At an April 4 meeting with his Kyrgyz counterpart, Erlan Abdyldaev, Russian Foreign Minister Sergei Lavrov called for increased international cooperation against terrorism.
"I would like to once again express gratitude to our Kyrgyz friends and allies for again showing the importance of stepping up joint efforts to combat this evil," Lavrov said. "I'm convinced that this once again shows the importance of stepping up joint efforts to combat this evil," he said.
Lavrov said any speculation that the bombing was revenge for Moscow's military action in Syria would be "cynical and mean."
The extremist group Islamic State (IS) has called for attacks on Russia in retribution for its military intervention in Syria, where Moscow has given President Bashar-al Assad's government crucial backing throughout the six-year war and stepped up involvement by launching a campaign of air strikes in 2015.
Late on April 3, the White House said President Donald Trump telephoned Putin and offered "the full support of the United States government in responding to the attack and bringing those responsible to justice."
"Trump and President Putin agreed that terrorism must be decisively and quickly defeated," said the statement, which echoed an earlier account from Kremlin spokesman Dmitry Peskov.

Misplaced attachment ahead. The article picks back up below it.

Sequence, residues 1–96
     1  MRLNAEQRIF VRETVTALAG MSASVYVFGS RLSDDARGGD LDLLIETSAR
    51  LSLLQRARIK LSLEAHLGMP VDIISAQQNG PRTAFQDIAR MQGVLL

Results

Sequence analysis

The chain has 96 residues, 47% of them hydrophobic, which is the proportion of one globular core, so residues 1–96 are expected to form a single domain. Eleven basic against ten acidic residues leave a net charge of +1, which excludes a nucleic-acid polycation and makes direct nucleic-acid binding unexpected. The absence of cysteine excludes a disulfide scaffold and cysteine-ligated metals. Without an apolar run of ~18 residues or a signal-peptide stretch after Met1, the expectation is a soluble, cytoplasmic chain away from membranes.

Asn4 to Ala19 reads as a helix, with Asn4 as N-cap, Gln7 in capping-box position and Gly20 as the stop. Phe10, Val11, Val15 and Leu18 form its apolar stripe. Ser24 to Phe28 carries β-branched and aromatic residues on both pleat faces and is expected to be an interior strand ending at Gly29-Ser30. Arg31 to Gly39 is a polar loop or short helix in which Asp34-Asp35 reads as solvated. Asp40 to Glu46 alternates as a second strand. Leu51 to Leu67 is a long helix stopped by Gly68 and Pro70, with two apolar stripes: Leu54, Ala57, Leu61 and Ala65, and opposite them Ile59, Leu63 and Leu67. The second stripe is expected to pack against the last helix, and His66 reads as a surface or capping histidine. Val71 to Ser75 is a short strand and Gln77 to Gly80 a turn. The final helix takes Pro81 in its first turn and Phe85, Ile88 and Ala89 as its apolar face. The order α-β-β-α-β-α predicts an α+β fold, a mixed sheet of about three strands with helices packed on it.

Trump strongly suggested during his campaign in 2016 that he would seek to mend badly strained relations with Moscow, and expressed hope that the two countries could cooperate more closely against Islamic State and other extremist groups.
Fighting terrorism was a chief topic of a telephone conversation between Trump and Putin in late January, but there have been few signs of tangible steps toward increased cooperation.
Peskov said Trump had "extended deep condolences" to the families affected by the blast.
Many of those injured suffered shrapnel wounds, according to news reports, and law enforcement agencies said the explosive device contained up to 1 kilogram of explosives.
The blast revived grim memories of previous bomb attacks on the subway in Moscow and on trains and buses elsewhere in Russia.
Speaking to Current Time TV, St. Petersburg resident Natalya Kirillova said she was seated near the end of a subway car adjacent to the one where the explosion occurred took place.
After a "deafening explosion" that knocked seated passengers on their sides, the subway continued on to the next station and she and other passengers climbed out through the windows because the doors were broken, she said.
She saw a huge number of people lying" on he platform.
Bodies. It was awful," she said. "When we got out, they were pushing and pulling several people out covered in blood, she told Current TIme, a Russian-language network run by RFE/RL in cooperation with VOA.
Bombers have struck repeatedly in Russian cities in the past two decades, with insurgents based in Chechnya -- the site of two post-Soviet separatist wars -- or other parts of the mostly Muslim North Caucasus often blamed or claiming responsibility.
The last fatal attack on a subway system in Russia occurred in Moscow in March 2010, when explosions at two stations killed at least 33 people.
There had been no major attacks in St. Petersburg.
Copyright (c) 2015. RFE/RL, Inc. Reprinted with the permission of Radio Free Europe/Radio Liberty, 1201 Connecticut Ave NW, Ste 400, Washington DC 20036.